BILOXI, Miss. – Sean Willingham had never missed more than two weeks of action on the Built Ford Tough Series because of an injury during his 12-year career until missing the past four months with a dislocated hip.
So it came as no surprise that Willingham was as happy as could be Friday night in Biloxi, Mississippi, as he returned to action for first time since Big Kahuna stepped on him during a BlueDEF Velocity Tour event in Newark, New Jersey, at the end of June.
Willingham missed the first six events of the second half of the BFTS, after spending most of his summer resting and going to rehab at Advanced Rehabilitation in Summerville, Georgia.
“Four months is the longest I have ever had to miss in my whole career in the PBR,” Willingham said. “I have never missed more than a week or two. The only time I missed this many BFTS (events) was because I got cut. I have been pretty lucky, I guess, as a bull rider.”
He competed in 30 or more BFTS events for seven consecutive years (2005-2011).
The 33-year-old couldn’t ask for a much better return this weekend as he rode Jack Wagon for 85.75 points in Round 1. He enters Saturday night’s Round 2 at the Mississippi Coast Coliseum sitting in fifth place in the event average.
The ride also forced Willingham into one of the tougher moments in bull riding – when a rider has to readjust directions mid-ride.
Jack Wagon had come out to the right and into Willingham’s hand before he shot back forward to the left, while also forcing Willingham to lean farther forward than he would have preferred.
“It was a great bull of Paige Stout’s that I got on,” Willingham said. “I had seen him a few times and he looks like he would be pretty good to ride. I kept my composure while I was riding and I picked him up the other way, which is one of the toughest moves in bull riding.”
The ride did everything necessary to test Willingham and his hip by forcing him to readjust his seat and counter each of the bull’s moves.
J.W. Hart dislocated his hip attempting to ride a bull when he was 15 years old and is in Biloxi for this weekend’s CBS Sports Network broadcast.
“They are a big part of riding bulls, because that is where you break forward and lean and sway and bend and everything starts right there with your hips,” Hart said.
He joked on Friday night with Willingham that how when he dislocated his hip, he was only out for a few weeks.
“I was out a couple of weeks, but it wasn’t long. He was out four months. I was 15 and he did his when he was 33. I guess there is three months different in time,” Hart said before laughing.
Willingham could have returned two weeks ago in Laughlin, Nevada, but decided he wanted to make sure he was 100-percent healthy. He said it was a pretty easy decision to hold off on rushing back, because he knew he didn’t have to worry about fighting to earn points to qualify for the Built Ford Tough World Finals.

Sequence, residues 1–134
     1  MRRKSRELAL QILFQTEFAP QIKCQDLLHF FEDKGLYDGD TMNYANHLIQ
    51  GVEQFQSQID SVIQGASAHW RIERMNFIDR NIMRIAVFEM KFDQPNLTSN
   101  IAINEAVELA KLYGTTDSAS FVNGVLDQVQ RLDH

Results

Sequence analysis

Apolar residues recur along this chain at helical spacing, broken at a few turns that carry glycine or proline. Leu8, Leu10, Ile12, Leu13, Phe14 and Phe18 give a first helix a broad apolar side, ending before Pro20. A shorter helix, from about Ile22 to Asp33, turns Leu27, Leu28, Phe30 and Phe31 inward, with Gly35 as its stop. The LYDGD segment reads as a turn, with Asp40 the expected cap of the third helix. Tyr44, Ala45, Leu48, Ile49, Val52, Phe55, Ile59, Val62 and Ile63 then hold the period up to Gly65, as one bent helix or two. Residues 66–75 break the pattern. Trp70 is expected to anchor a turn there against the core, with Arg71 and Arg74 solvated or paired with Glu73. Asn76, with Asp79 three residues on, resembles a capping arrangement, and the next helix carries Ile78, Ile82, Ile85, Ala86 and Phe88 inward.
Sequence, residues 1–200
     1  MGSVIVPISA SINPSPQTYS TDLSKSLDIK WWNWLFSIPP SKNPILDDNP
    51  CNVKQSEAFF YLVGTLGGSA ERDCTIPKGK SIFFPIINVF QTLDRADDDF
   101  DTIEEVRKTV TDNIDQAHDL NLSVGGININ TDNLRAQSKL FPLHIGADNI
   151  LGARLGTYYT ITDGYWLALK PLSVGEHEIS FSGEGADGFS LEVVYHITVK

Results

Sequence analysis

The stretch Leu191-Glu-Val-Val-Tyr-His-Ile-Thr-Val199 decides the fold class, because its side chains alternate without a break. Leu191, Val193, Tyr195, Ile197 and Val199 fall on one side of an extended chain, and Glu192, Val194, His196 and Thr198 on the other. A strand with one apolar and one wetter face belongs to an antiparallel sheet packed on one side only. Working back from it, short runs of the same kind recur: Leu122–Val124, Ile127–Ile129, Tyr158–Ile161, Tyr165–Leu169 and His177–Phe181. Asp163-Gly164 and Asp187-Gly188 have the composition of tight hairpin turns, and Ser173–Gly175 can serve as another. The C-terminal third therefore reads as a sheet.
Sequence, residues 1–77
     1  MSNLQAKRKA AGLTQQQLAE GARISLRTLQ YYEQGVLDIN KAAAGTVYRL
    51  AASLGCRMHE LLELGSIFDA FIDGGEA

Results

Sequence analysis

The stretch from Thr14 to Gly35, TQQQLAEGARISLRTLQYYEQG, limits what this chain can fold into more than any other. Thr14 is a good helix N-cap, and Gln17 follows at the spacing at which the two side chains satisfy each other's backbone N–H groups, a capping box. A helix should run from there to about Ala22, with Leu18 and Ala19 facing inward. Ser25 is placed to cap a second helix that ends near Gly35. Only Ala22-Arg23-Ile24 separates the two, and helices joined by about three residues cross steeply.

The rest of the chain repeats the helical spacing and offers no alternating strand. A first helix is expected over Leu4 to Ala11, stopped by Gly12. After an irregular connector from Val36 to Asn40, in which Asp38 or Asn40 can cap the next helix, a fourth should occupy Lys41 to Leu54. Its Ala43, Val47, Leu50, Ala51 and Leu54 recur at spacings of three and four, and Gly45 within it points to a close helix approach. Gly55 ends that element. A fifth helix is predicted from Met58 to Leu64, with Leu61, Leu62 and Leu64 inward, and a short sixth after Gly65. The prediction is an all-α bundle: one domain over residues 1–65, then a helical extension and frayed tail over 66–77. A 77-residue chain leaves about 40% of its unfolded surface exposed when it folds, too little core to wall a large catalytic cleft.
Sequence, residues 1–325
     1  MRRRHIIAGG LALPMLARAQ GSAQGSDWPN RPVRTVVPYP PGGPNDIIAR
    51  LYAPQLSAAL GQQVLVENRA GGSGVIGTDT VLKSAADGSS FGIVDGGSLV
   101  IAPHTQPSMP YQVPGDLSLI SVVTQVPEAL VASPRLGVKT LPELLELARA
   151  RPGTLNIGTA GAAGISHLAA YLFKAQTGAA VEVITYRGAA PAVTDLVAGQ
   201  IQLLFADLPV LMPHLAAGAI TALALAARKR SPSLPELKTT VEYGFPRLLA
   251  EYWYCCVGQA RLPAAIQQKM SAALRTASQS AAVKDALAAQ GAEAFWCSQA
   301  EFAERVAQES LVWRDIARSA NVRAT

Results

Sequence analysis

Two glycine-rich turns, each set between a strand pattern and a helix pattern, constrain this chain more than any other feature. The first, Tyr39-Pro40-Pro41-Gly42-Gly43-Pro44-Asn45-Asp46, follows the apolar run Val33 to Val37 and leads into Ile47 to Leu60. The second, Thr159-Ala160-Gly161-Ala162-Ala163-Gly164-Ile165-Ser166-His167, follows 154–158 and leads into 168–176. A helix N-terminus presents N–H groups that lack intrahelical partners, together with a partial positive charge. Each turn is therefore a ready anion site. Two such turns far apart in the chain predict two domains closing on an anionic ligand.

He is currently ranked 23rd in the world standings.
To make sure he was ready to return, Willingham got on three practice bulls last Sunday. The first one he attempted tossed him right onto his injured hip. He got up, brushed the dirt off himself and knew he was ready to return.
“I needed that right off the bat,” he said. “That was the biggest issue that I would have with myself. What is it going to feel like when you do get swung off and you land on it? Because it is going to happen, and you are going to get bucked off and land on your butt, hip or somewhere.”
Willingham is looking to continue building off an impressive first half of the 2014 season, which before he got hurt, was shaping up to be one of his best seasons in the past five years. His riding average of 41.18 percent is his highest since 2009, and he looks healthy and rejuvenated heading into the final three weeks of the season.
That was one of the major benefits of being forced to sit out for so long, he added. Willingham was able to rekindle that inner fire to compete and also rest his body for one of the first major periods of time in his career.
“Sometimes, it is good for us to take a break away from what we do every weekend and to get away from the sport of bull riding and be at home,” he said. “You kind of get that drive or that craving again when you are out for so long.”
Hart, who competed in 197 consecutive events, agreed.
“When you’ve done it your whole life, you can get burnt out, and when you get pulled away for four months in Willingham’s case, yeah, you can get that craving and you can go get on one with a new head of steam behind it. It will be good for him.”
Willingham has his sights on concluding the season with a strong finish alongside his closest friends on tour.
“Man, it feels good to be back and to see all of my buddies,” he said. “I have missed my friends when I have been gone. It fires me up to be back competing with them. My hip feels great and I am ready to rock n’ roll.”
Follow Justin Felisko on Twitter @jfelisko.
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